U.S. manufacturing PMI fell to 48.5 in March, down from 50.7 in February, according to IHS Markit’s survey. A reading below 50 indicates a contraction in activity, and last month’s is the lowest reading since the financial crisis. Output, new orders, production and employment declined at the fastest pace since 2009 as the number of coronavirus cases in the U.S. grew and non-essential businesses were forced to close.
“Growing numbers of company closures and lockdowns as the nation fights the COVID-19 outbreak mean business levels have collapsed,” said Chris Williamson, Chief Business Economist at IHS Markit. “While some producers reported being busier as a result of stockpiling and anti-virus activities, notably in the food and healthcare sectors, these are very much the minority, and most sectors reported a rapid deterioration in demand and production.”
The Institute for Supply Management’s (ISM) survey also showed U.S. factory activity contracting with PMI dropping to 49.1 in March from 50.1 in February.
Today we also saw how factories in the Eurozone, U.K. and Japan coped with the COVID-19 shutdowns. The data isn’t pretty. Just like in the U.S., contractions were slightly worse than flash estimates indicated last week and supply chain delays (which usually imply demand, not the case here) boosted the readings and masked the severity of the slumps.
U.K. manufacturing PMI fell to a three-month low of 47.8, down from 51.7 in February, according to IHS Markit. Output, which decreased in all major sectors except food production and pharmaceuticals, suffered its steepest fall since mid-2012, and the transport sector was the worst hit. New orders contracted at a similar pace due to reduced demand and dragged employment down at the fastest rate since July 2009. Business sentiment fell to a series-record low. Compounding the slide in U.K. stock markets today is the nation’s biggest banks scrapping dividends and buybacks until the end of the year after being pressured by the Bank of England.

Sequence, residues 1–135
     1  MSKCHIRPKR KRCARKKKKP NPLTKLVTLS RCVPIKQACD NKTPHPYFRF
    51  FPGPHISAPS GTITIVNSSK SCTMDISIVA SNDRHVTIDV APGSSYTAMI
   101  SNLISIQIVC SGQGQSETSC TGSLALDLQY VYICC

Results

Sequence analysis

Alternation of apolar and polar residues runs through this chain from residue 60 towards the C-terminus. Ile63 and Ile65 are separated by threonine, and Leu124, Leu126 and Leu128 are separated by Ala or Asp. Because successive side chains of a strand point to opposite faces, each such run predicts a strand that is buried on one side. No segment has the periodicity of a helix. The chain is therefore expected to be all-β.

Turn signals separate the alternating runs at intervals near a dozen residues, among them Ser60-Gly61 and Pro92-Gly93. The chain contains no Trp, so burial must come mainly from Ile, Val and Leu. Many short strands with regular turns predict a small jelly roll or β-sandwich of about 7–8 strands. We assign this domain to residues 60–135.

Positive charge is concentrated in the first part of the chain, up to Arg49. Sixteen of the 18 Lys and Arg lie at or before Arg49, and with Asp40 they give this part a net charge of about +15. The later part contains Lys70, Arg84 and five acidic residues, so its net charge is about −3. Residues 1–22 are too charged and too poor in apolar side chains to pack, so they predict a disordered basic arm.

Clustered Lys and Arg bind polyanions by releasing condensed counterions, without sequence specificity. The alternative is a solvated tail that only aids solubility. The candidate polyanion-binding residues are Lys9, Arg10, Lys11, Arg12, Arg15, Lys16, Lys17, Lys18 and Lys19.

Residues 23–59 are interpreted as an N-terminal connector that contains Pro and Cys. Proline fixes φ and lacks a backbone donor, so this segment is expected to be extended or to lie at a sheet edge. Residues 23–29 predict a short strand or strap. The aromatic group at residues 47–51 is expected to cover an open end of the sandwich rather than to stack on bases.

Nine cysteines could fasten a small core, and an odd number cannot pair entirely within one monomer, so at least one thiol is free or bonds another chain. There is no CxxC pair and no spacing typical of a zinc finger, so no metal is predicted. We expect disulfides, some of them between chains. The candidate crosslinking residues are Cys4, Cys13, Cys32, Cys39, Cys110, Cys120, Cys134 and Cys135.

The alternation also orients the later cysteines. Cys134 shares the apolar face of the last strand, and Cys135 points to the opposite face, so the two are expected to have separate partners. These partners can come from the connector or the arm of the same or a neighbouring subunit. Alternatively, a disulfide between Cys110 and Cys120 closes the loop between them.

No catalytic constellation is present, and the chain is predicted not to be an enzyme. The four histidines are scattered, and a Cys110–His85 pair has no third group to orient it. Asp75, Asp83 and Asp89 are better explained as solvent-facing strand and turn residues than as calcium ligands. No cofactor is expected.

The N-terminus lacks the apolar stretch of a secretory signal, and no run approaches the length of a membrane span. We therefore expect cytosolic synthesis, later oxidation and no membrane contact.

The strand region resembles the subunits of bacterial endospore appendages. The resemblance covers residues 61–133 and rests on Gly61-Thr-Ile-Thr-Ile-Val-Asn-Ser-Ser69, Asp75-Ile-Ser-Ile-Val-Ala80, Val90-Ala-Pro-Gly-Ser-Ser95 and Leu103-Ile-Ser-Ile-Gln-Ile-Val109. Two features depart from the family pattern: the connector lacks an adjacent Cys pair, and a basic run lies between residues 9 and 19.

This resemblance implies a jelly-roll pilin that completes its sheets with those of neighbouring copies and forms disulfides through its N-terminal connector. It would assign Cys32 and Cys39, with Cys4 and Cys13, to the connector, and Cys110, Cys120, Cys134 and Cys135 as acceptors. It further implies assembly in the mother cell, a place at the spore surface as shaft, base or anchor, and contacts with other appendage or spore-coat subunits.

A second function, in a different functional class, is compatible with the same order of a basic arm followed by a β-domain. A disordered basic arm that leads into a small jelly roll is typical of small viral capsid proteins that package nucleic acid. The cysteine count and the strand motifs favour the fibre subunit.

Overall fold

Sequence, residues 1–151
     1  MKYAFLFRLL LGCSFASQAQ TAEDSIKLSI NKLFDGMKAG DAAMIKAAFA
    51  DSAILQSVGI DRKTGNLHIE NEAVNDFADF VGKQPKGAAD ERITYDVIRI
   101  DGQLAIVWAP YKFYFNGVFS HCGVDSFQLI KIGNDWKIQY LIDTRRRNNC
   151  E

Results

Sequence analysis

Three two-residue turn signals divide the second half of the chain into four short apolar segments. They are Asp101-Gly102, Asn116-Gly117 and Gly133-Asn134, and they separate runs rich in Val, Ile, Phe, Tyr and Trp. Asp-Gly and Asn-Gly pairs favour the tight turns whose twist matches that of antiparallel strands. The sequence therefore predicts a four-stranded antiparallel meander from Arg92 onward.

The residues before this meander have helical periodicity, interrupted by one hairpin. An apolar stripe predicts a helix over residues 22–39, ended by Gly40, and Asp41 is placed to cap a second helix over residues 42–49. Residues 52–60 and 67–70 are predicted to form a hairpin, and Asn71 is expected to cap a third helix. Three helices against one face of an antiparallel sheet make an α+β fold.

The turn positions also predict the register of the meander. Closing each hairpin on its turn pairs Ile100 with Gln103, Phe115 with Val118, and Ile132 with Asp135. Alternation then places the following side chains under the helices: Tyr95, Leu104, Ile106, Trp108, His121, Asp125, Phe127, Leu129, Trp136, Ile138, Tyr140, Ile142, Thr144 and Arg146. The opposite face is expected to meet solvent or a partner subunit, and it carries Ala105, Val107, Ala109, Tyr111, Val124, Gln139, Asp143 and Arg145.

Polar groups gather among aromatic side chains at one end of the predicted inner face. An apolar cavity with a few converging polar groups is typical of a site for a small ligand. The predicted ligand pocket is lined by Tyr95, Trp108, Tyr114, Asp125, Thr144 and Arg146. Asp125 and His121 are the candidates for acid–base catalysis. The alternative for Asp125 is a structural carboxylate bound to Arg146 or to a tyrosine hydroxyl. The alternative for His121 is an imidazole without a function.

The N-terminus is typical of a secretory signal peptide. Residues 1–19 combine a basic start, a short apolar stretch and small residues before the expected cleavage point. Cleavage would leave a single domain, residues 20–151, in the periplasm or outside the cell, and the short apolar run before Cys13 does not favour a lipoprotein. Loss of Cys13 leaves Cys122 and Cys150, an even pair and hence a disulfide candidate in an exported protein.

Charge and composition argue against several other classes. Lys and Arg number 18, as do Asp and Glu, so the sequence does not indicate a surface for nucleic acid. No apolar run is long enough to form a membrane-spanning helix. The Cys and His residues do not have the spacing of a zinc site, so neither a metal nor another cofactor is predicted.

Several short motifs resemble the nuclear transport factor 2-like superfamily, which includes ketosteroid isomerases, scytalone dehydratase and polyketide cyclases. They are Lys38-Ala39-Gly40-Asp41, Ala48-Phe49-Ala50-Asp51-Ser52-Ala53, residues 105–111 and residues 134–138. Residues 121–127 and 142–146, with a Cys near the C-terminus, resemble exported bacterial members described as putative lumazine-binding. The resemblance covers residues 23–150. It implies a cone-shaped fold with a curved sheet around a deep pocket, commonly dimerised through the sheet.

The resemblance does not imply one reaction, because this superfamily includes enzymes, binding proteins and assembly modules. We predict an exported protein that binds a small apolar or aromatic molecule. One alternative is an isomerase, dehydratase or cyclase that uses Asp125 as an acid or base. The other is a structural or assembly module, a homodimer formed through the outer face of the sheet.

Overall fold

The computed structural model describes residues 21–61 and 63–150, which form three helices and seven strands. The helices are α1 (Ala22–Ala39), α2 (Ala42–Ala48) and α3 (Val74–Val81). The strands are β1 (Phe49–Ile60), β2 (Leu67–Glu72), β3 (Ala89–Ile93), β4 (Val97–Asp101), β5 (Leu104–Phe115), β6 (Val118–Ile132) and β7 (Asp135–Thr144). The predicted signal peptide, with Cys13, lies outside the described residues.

Eurozone manufacturing PMI crashed to 44.5 in March, the lowest reading in 92 months, from 49.2 in February. The output index and new orders saw the greatest deterioration in around 11 years and job cuts surged. As you can see in the chart below, several countries recorded multiyear low readings with the worst performers being Italy and Greece.
In the world’s third largest economy, Japan, manufacturing output fell at the sharpest rate since the 2011 tsunami. PMI fell to 44.8 in March, down from 47.8 in February.
Hopes for a V-shaped global recovery are rapidly receding, and lockdowns are expected to be extended in many parts of the world. IMF managing director Kristalina Georgieva said on March 27 the global economy has entered a recession and called for “very massive” spending. “We do project recovery in 2021–in fact there may be a sizeable rebound, but only if we succeed with containing the virus – everywhere – and prevent liquidity problems from becoming a solvency issue,” she said. “A key concern about a long- lasting impact of the sudden stop of the world economy is the risk of a wave of bankruptcies and layoffs that not only can undermine the recovery but can erode the fabric of our societies.” She added that emerging markets will need $2.5 trillion in outside financing.